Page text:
11. dan says:

    So while imight be asking just basic noob style questions, i am hoping you can help me with a few basic questions. Are the coils of the dual stators wrapped around the magnets, some of the magnets or what? I am orderkg up n50 neo magnets 2x1x1/2 and am planning on using 18awg wire with around 150-175 turns per coil. Will be wiring in 7 phase star. But was thinking of doing one star ad one delta wired. What if any issues do you see with this basic setup? Would i be better changing one of of wires to either 12. or 14 awg wire or no? Average wind speed her in wi where im is 10mph at 30 feet and 14-16mph at 90 feet. Also i was going to be using a 3 blade set up with a tilt axis of approximately 4-6 degrees. However… could i also place either a 5 blade system say at 60 or 70 feet so that i could get lower cut in speed and spend less money on metal tubing. Possible? Worth the effort? What about putting a vertical 4 blade system in same general area rather then 5 blade system? Would the pole in the middle of the verticalsystem disrupt the wind flow so that it doesnt pass through the system efficiently enough to warrent consideration? Any other overall suggestions would be very much apreciated’ thanks

  12. admin says:

    Are the coils of the dual stators wrapped around the magnets, some of the magnets or what?

    +(hugh) The magnets are on the rotors and the coils are in the stator.

    I am orderkg up n50 neo magnets 2x1x1/2 and am planning on using 18awg wire with around 150-175 turns per coil. Will be wiring in 7 phase star.

    +You need to tell us the number of coils and the number of magnets per rotor.

    But was thinking of doing one star ad one delta wired. What if any issues do you see with this basic setup?

    + I dislike delta due to the losses. Putting 2 windings in parallel with different characteristics seems a good idea at first but the star winding will have high losses at high speed and the delta will have parasitic losses at low speed and the whole thing is overcomplicated.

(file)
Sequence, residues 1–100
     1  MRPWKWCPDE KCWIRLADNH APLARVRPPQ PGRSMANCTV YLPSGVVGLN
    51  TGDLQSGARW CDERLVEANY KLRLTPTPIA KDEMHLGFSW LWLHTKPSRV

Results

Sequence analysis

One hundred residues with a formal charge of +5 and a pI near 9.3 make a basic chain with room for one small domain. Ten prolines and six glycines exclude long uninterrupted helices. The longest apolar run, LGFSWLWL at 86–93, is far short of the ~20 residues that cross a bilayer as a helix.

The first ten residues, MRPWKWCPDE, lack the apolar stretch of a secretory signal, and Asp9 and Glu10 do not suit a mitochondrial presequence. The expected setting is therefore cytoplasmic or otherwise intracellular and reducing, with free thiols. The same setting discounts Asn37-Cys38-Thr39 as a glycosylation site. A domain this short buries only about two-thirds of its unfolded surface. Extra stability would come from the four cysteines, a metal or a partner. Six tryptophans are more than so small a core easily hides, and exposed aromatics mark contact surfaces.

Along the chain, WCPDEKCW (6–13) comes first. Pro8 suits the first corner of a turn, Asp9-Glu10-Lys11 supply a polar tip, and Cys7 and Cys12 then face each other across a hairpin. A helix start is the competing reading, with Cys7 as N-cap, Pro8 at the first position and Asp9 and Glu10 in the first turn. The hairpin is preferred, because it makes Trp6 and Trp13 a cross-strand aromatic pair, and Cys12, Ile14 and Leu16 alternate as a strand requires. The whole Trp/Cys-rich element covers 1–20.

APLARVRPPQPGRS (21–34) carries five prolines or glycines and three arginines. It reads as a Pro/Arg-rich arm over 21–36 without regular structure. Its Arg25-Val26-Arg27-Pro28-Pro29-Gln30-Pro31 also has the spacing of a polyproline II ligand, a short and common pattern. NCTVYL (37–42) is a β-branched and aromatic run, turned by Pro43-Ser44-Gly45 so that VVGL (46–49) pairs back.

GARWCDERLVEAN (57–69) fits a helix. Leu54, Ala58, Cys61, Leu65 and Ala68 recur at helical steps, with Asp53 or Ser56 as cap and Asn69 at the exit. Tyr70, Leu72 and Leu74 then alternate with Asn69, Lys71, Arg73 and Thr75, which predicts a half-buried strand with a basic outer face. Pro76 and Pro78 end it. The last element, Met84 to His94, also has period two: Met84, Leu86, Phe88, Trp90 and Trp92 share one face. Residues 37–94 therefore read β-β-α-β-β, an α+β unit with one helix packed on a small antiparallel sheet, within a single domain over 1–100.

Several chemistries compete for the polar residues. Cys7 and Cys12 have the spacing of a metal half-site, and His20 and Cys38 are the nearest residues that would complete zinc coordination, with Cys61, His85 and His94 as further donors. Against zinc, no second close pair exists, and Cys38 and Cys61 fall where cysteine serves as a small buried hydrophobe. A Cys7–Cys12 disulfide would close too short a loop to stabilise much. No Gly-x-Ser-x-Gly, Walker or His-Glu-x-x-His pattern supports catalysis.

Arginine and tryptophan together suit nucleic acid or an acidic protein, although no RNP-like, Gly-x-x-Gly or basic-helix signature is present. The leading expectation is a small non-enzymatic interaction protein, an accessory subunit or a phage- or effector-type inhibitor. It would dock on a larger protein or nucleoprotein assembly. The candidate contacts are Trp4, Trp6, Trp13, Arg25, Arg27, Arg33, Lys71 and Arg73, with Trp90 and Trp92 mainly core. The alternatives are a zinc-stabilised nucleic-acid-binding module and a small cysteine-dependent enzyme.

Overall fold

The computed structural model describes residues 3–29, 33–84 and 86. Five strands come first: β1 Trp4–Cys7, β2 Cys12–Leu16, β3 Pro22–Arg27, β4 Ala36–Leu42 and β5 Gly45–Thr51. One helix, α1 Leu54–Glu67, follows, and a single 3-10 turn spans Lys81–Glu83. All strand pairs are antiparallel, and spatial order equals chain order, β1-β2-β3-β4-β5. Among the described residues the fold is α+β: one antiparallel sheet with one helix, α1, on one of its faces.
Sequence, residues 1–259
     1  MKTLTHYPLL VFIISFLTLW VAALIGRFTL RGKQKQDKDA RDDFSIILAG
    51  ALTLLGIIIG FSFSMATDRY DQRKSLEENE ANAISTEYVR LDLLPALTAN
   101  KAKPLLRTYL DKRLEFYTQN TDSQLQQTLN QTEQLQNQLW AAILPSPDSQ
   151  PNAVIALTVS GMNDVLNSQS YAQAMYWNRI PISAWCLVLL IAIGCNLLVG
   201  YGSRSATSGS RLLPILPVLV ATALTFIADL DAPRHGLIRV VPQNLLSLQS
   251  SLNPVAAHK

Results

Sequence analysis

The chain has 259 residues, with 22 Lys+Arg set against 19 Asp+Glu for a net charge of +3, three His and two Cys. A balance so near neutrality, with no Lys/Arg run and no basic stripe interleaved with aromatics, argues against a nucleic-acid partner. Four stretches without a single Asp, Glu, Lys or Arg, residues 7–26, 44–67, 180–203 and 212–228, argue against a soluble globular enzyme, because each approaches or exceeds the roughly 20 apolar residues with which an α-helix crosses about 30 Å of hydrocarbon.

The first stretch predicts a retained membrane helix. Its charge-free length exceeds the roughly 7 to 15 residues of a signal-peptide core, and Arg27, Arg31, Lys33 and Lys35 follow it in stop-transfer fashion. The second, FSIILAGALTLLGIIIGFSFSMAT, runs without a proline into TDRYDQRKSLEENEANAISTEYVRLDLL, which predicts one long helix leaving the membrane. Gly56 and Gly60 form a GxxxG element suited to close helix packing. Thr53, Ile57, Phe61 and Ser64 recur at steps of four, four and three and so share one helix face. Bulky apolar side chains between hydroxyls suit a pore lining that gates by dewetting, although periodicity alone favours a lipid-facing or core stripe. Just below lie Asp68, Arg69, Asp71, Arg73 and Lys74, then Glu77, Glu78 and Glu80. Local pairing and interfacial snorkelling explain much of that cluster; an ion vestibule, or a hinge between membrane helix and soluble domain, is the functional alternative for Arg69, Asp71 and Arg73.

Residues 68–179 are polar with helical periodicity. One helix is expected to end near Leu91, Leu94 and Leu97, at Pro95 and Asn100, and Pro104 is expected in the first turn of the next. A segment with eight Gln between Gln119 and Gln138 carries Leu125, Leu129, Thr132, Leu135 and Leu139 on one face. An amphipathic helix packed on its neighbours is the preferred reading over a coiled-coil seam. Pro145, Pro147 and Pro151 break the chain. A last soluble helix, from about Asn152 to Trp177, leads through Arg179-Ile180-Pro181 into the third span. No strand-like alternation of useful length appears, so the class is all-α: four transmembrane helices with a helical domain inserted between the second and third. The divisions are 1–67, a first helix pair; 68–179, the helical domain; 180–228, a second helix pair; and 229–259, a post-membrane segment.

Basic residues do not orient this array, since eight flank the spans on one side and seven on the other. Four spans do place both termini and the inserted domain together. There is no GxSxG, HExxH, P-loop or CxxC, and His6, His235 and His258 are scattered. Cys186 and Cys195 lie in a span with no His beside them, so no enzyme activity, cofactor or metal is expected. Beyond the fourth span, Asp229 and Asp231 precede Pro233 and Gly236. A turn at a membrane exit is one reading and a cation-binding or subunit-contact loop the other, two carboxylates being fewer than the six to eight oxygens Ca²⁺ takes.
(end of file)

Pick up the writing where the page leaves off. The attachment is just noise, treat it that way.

Would i be better changing one of of wires to either 12. or 14 awg wire or no?

    + best to wind in star and use 2 wire sizes, but even so I am not sure that different stator characteristics is a great idea.

    Average wind speed her in wi where im is 10mph at 30 feet and 14-16mph at 90 feet. Also i was going to be using a 3 blade set up with a tilt axis of approximately 4-6 degrees. However… could i also place either a 5 blade system say at 60 or 70 feet so that i could get lower cut in speed and spend less money on metal tubing. Possible?

    + you get less wind at the lower height. Using more blades makes them run more slowly and reduces the efficiency of the alternator.

    Worth the effort?

    + 3 blades are better than 5.

    What about putting a vertical 4 blade system in same general area rather then 5 blade system?
    + lost me now.


  13. Randy says:

    I finished adding a second stator this weekend. The two are in series. The single stator tested alone inside the dual rotor produced about 18 V at about 60RPM not under load of coarse. The two together 24 V at about 60 RPM. All would seem to be working as anticipated. If you will be so kind. What say you % wise would one anticipate adding an armature rotor increase voltage. I am considering adding one as for no other reason a safety feature so as to shield the magnets on the stator having only the single rotor of magnets. Second will I experience any unforeseen effects due to their being one stator with dual rotor magnets and the second being induced by a single layer of magnets?

  14. Randy says:

    Sorry I tried to post a pic from photobucket and i seemed to fail. One stator is sandwiched between dual rotors and then the second stator has only one rotor of magnets acting on it. I guess you get the picture clear enough.

  15. admin says:


    It’s funny that I started this thread trying to stop people copying the dual stator idea but that message got lost somewhere and you guys are still doing it but anyway.